Function definitions

Numbat comes with a large number of predefined functions, but it is also possible to add new functions. A function definition is introduced with the fn keyword:

fn max_distance(v: Velocity, θ: Angle) -> Length = v² · sin(2 θ) / g0

This exemplary function computes the maximum distance of a projectile under the influence of Earths gravity. It takes two parameters (The initial velocity v and the launch angle θ), which are both annotated with their corresponding physical dimension (their type). The function returns a distance, and so the return type is specified as Length.

Type inference

The return type annotation may be omitted, but it is often desirable to add it for better readability of the code and in order to catch potential errors.

The parameter types can also (sometimes) be omitted, in which case Numbat tries to infer their type. However, this often leads to overly generic function signatures. For example, consider the following function to compute the kinetic energy of a massive object in motion:

fn kinetic_energy(mass, speed) = 1/2 * mass * speed^2

Without any type annotations, this function has an overly generic type where mass and speed can have arbitrary dimensions (and the return type is type(mass) * type(speed)^2). So for this case, it is probably better to add parameter and return types.

Generic functions

Sometimes however, it is useful to write generic functions. For example, consider max(a, b) — a function that returns the larger of the two arguments. We might want to use that function with dimensionful arguments such as max(1 m, 1 yd). To define such a generic function, you can introduce type parameters in angle brackets:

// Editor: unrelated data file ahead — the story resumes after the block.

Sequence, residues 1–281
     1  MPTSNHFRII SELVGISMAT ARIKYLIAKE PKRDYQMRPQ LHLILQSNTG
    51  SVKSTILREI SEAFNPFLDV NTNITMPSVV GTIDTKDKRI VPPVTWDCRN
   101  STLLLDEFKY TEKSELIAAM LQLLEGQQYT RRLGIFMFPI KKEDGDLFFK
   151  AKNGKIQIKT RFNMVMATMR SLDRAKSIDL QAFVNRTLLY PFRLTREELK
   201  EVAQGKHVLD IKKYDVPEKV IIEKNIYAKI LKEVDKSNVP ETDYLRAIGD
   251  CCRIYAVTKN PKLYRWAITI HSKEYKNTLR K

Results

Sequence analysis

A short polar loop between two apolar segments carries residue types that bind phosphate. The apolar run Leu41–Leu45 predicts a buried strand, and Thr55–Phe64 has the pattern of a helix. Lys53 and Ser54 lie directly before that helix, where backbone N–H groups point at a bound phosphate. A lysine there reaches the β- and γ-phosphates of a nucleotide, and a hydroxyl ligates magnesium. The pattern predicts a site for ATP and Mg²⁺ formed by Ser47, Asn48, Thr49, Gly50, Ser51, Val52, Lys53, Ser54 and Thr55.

fn max<T>(a: T, b: T) -> T = if a > b then a else b

This function signature tells us that max takes two arguments of arbitrary type T (but they need to match!), and returns a quantity of the same type T.

Note that you can perform the usual operations with type parameters, such as multiplying/dividing them with other types, or raising to rational powers. For example, consider this cube-root function

fn cube_root<T>(x: T^3) -> T = x^(1/3)

that can be called with a scalar (cube_root(8) == 2) or a dimensionful argument (cube_root(1 liter) == 10 cm).

Note: cube_root can also be defined as fn cube_root<T>(x: T) -> T^(1/3), which is equivalent to the definition above.

Recursive functions

It is also possible to define recursive functions. In order to do so, you currently need to specify the return type — as the type signature can not (yet) be inferred otherwise.

For example, a naive recursive implementation to compute Fibonacci numbers in Numbat looks like this:

fn fib(n: Scalar) -> Scalar =
  if n ≤ 2
    then 1
    else fib(n - 2) + fib(n - 1)